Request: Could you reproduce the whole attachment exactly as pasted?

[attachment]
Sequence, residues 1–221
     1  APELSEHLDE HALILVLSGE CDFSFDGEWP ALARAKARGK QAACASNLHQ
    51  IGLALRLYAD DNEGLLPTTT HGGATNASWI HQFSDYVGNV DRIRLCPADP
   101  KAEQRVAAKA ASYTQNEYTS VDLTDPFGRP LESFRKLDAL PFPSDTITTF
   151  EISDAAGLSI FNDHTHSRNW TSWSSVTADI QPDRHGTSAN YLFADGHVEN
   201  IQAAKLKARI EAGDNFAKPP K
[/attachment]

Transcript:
Sequence, residues 1–221
     1  APELSEHLDE HALILVLSGE CDFSFDGEWP ALARAKARGK QAACASNLHQ
    51  IGLALRLYAD DNEGLLPTTT HGGATNASWI HQFSDYVGNV DRIRLCPADP
   101  KAEQRVAAKA ASYTQNEYTS VDLTDPFGRP LESFRKLDAL PFPSDTITTF
   151  EISDAAGLSI FNDHTHSRNW TSWSSVTADI QPDRHGTSAN YLFADGHVEN
   201  IQAAKLKARI EAGDNFAKPP K